Landscape Report


Cicadas in Spring!

Hoosiers are in for a special treat this spring.  If you have lived in Indiana for more than a year, you have probably grown accustomed to the singing of cicadas in the later days of summer.  However, in some years, cicadas will emerge in the spring.  This occurred in 2021 when most of the state was inundated in periodical cicadas as Brood X emerged from their 17-year development.  This year, two broods will emerge concurrently: Brood XIII and Brood XIX.  Brood XIII is a 17-year cicada, while Brood XIX is a 13-year cicada.  The emergence of these two broods isn’t unusual, but this year is special because they will emerge at the same time. Their schedules haven’t aligned for over two hundred years!  The last time these two cicada songs were heard together, Thomas Jefferson was in the White House.  While this may sound like Indiana is about to be covered in cicadas, there are a few facts that may change your expectations.

There are two types of cicadas in the Midwest: annual cicadas and periodical cicadas.  Annual cicadas, as the name implies, are seen each year.  They normally spend two to five years underground, but there are enough of them that we see them emerge each year.  Annual cicadas emerge individually, not as a group, and we see them towards the end of the summer, thus their other common name, “dog day cicadas”.  Periodical cicadas have a much different life cycle.  They remain in the ground as nymphs for either thirteen or seventeen years, feeding on the roots of the trees they will eventually climb.  Around April, the broods will emerge together using a combination of temperature and their own internal clock. Both types of cicadas feed on deciduous trees and tend to inhabit areas where eggs were laid during previous emergences, giving them a low likelihood of moving to new areas. Annual cicadas are green with black eyes, and periodical cicadas have dark-colored bodies with red eyes and orange legs, making it easy to differentiate them as we enter the early summer and both types are present.

The term “brood” cicada biology is referring to a group of cicadas that share the same developmental time and the same physical area.  A brood will often contain several different species, though they will all belong to the genus Magicicada.  Cicadas in a brood do not need to be genetically related to each other.  Some broods are very small and cover a small area, whereas others can cover a significant portion of the Midwest.  For example, Brood XII, a brood of 17-year cicadas, last appeared in 2023 and has only been detected in Allen and Orange counties.  On the other hand, Brood X, also known as the Great Eastern Brood, covers the entirety of Indiana and several other states.  Brood XIII and Brood XIX both cover several states, but they will have very little overlap in Indiana.  Only eight western counties, between Posey and Jasper counties, will experience Brood XIX, and three northern counties (Lake, LaPorte, and Porter) will see Brood XIII.  Nowhere in Indiana do the broods overlap.  Essentially, while there will be a lot of cicadas emerging all at once, the lack of overlap will mean this emergence will be notable, but nothing compared to the Brood X emergence a few years ago.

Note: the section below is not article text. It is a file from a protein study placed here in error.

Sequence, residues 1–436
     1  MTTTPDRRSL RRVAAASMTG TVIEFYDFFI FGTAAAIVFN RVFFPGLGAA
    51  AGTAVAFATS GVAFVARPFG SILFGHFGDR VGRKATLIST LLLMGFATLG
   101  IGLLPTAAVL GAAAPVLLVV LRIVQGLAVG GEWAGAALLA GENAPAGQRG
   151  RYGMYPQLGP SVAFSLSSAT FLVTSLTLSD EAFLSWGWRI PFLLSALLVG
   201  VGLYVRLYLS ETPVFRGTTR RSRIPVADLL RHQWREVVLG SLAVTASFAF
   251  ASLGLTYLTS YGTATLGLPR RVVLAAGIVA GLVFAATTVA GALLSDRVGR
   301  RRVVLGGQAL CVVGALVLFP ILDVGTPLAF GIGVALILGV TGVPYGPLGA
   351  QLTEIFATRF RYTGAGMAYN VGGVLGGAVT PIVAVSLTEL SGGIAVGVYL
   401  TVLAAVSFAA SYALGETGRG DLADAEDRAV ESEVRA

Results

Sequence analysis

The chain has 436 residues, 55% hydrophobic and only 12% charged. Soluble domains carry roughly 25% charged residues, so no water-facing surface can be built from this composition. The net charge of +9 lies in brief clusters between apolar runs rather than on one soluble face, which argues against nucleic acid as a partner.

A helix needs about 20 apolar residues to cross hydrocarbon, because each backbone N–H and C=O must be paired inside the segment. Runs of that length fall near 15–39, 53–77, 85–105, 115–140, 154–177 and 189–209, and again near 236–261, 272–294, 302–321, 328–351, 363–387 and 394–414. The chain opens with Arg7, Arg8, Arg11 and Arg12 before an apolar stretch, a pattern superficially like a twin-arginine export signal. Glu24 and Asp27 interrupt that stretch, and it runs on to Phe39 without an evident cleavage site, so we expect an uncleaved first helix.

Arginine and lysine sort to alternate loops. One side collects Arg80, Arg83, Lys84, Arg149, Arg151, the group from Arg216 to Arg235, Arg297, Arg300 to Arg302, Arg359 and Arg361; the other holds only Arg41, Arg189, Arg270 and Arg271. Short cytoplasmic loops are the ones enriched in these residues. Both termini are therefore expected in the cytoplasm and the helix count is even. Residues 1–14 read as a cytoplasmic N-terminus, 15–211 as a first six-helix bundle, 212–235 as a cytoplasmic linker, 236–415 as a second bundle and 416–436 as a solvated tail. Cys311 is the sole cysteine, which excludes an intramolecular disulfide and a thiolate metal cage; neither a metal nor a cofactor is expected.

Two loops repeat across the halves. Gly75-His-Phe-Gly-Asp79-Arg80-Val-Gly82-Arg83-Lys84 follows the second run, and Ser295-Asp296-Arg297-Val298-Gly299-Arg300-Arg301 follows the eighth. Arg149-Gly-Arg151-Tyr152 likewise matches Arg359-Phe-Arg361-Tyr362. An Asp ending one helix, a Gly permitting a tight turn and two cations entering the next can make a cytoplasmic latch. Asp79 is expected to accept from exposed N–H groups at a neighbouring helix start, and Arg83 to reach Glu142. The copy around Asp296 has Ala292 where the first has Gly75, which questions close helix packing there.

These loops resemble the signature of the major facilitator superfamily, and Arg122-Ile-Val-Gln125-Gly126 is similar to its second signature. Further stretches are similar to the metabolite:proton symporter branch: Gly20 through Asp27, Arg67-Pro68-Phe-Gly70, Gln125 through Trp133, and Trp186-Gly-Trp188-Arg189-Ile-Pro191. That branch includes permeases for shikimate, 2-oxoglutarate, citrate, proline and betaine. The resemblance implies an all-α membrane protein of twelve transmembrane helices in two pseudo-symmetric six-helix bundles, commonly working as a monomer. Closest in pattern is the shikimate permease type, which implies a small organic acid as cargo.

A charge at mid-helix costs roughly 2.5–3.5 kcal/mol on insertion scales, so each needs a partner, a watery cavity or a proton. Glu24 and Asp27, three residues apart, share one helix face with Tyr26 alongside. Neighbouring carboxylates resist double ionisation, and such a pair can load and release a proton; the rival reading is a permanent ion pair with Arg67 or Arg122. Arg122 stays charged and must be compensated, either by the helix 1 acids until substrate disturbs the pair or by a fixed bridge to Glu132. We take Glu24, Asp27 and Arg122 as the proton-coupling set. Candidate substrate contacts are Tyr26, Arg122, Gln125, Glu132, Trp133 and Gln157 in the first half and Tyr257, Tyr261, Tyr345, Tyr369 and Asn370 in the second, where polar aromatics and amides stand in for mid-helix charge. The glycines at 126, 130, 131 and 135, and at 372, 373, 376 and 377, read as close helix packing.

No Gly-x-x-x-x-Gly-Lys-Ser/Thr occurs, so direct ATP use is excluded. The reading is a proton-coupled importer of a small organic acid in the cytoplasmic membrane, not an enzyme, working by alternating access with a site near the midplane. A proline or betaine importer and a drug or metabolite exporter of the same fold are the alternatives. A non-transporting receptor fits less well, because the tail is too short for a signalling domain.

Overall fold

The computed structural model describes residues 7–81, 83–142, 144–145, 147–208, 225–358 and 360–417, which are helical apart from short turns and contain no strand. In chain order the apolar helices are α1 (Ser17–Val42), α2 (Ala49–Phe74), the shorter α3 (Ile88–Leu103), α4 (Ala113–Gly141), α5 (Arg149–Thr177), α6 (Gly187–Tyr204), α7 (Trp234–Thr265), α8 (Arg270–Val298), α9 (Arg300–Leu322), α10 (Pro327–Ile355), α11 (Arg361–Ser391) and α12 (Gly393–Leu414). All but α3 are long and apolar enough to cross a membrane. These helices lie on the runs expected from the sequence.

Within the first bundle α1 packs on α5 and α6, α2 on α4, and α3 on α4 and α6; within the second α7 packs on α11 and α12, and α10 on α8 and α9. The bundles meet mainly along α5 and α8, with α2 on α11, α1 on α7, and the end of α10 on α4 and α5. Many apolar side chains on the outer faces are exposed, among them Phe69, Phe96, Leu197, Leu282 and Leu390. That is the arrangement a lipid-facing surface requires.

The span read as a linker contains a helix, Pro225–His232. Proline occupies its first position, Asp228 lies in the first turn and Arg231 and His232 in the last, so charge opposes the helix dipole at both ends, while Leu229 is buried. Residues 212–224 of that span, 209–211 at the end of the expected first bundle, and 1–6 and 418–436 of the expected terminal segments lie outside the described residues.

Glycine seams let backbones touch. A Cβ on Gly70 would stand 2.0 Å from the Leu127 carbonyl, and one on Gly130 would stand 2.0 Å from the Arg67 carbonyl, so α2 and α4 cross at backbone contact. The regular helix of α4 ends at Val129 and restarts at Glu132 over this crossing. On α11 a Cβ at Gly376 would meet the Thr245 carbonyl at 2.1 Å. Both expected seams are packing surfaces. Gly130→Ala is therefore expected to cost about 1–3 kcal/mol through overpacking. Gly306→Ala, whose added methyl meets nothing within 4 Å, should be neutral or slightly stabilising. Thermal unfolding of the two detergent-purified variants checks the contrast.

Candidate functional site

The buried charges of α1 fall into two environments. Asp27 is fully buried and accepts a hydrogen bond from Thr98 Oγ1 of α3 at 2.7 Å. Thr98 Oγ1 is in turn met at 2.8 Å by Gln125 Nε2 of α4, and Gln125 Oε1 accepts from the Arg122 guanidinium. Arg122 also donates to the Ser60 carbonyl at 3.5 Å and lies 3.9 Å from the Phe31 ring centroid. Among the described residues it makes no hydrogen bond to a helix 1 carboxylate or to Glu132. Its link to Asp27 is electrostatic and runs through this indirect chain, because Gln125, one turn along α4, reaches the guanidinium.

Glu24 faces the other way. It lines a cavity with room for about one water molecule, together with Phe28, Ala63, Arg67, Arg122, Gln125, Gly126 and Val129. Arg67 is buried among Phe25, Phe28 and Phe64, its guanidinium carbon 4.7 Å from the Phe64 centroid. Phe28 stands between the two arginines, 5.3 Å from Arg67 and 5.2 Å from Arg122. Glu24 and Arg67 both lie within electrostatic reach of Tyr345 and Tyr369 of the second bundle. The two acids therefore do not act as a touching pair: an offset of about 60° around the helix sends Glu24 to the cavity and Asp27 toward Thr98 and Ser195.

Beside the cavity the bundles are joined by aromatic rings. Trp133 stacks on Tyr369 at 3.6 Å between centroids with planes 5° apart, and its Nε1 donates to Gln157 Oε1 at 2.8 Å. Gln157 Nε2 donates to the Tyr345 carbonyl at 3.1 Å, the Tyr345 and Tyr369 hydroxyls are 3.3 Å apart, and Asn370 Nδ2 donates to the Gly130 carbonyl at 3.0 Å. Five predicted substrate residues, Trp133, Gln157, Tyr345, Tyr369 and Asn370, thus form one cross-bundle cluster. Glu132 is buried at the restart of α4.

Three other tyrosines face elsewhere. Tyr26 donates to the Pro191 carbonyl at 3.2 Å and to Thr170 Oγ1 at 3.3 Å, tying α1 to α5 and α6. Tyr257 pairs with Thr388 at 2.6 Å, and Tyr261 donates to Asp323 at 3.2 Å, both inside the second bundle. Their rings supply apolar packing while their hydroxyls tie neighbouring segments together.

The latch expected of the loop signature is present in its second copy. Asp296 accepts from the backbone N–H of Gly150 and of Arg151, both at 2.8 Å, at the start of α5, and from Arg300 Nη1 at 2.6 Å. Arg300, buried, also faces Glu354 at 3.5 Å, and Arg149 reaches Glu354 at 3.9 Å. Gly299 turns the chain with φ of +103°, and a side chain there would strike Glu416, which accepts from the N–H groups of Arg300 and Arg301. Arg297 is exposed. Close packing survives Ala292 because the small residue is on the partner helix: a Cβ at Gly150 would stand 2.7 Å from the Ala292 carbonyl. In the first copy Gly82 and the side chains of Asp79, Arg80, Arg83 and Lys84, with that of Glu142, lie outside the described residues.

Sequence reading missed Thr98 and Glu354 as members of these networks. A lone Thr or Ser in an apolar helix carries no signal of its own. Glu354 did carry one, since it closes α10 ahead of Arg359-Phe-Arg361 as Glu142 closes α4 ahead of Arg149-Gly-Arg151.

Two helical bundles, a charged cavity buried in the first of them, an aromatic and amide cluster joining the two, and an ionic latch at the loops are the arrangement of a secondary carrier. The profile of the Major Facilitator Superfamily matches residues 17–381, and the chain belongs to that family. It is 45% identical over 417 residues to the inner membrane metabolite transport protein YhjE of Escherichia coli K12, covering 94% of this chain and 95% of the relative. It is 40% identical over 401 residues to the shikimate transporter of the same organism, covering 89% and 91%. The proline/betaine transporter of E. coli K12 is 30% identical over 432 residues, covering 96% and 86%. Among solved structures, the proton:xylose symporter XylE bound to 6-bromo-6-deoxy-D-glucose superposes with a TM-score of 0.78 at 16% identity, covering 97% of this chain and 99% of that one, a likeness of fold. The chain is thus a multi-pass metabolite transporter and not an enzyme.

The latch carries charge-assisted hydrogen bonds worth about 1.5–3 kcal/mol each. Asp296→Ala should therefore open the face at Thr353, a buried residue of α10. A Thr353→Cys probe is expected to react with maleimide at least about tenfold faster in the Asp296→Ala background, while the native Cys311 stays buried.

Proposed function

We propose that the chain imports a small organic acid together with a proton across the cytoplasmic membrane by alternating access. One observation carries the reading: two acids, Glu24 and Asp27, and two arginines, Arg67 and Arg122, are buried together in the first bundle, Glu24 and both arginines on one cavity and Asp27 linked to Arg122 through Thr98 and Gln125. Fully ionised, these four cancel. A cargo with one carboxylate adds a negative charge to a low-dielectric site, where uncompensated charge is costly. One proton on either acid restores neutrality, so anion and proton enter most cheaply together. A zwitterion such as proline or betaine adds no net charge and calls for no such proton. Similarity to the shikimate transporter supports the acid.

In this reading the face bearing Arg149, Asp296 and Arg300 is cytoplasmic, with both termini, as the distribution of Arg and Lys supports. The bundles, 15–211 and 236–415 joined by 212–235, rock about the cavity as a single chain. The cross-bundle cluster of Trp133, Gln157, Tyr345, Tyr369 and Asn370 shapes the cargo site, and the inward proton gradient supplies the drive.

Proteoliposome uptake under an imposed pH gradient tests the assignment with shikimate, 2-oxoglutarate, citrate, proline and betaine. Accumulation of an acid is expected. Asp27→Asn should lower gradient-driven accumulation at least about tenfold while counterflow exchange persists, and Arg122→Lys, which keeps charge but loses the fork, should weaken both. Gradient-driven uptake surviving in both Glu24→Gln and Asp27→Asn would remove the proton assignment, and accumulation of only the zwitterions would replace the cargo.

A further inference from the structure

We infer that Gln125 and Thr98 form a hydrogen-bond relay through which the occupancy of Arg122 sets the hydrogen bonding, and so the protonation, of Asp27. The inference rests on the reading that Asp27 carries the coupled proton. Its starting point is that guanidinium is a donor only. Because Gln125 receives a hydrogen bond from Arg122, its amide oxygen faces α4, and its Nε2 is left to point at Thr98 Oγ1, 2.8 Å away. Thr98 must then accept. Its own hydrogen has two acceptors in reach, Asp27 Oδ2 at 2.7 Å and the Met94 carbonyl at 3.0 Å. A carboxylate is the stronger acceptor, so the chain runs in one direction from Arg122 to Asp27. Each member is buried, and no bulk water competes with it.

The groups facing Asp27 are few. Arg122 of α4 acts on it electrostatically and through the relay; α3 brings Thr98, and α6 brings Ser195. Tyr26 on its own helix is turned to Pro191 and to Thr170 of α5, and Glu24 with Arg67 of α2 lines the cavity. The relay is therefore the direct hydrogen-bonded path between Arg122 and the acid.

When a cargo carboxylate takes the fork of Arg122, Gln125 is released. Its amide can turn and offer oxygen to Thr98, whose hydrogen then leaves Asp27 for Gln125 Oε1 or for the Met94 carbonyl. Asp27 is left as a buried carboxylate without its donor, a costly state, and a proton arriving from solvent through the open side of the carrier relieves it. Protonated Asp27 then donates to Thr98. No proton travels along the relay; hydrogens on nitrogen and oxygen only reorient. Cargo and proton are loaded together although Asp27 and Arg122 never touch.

Many citizens are concerned about the potential for damage with the extra cicada presence this year.  Cicadas feed on plant sap, and female cicadas will cut into branches and twigs to lay their eggs.  The most significant damage will most likely come from egg-laying activities, and takes the form of dying branches and twigs that can easily break off.  However, there is no recommendation for the treatment of cicadas beyond being mindful of planting new trees adjacent to an emergence site.  Cicadas rarely do enough damage to warrant attention. Unless a tree is very young or already stressed, it will recover with little issue.  Smaller woody plants like shrubs can be covered in mesh to protect them from feeding or oviposition activity.  While permethrin and other pesticides work well against cicadas, research has indicated that applications would need to be performed every three to four days to be effective, especially during the height of a periodical cicada emergence.

While cicada emerges can sound intimidating, they are a natural part of our ecosystem.  Only a limited portion of our state will experience this year’s emergence, so if you want to see them, make some time to travel to the western part of Indiana.  You could always make plans to check out the cicadas when you go to see the eclipse in April!

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